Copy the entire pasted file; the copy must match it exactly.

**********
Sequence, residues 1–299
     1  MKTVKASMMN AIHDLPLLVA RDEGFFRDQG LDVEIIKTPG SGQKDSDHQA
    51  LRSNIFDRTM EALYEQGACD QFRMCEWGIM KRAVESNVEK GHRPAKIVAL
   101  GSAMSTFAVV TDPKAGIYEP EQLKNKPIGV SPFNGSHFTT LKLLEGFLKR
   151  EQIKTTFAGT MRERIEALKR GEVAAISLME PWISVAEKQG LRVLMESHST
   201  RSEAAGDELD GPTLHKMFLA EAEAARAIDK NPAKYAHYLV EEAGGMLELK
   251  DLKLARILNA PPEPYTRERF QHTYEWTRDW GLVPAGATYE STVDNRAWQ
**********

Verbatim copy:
Sequence, residues 1–299
     1  MKTVKASMMN AIHDLPLLVA RDEGFFRDQG LDVEIIKTPG SGQKDSDHQA
    51  LRSNIFDRTM EALYEQGACD QFRMCEWGIM KRAVESNVEK GHRPAKIVAL
   101  GSAMSTFAVV TDPKAGIYEP EQLKNKPIGV SPFNGSHFTT LKLLEGFLKR
   151  EQIKTTFAGT MRERIEALKR GEVAAISLME PWISVAEKQG LRVLMESHST
   201  RSEAAGDELD GPTLHKMFLA EAEAARAIDK NPAKYAHYLV EEAGGMLELK
   251  DLKLARILNA PPEPYTRERF QHTYEWTRDW GLVPAGATYE STVDNRAWQ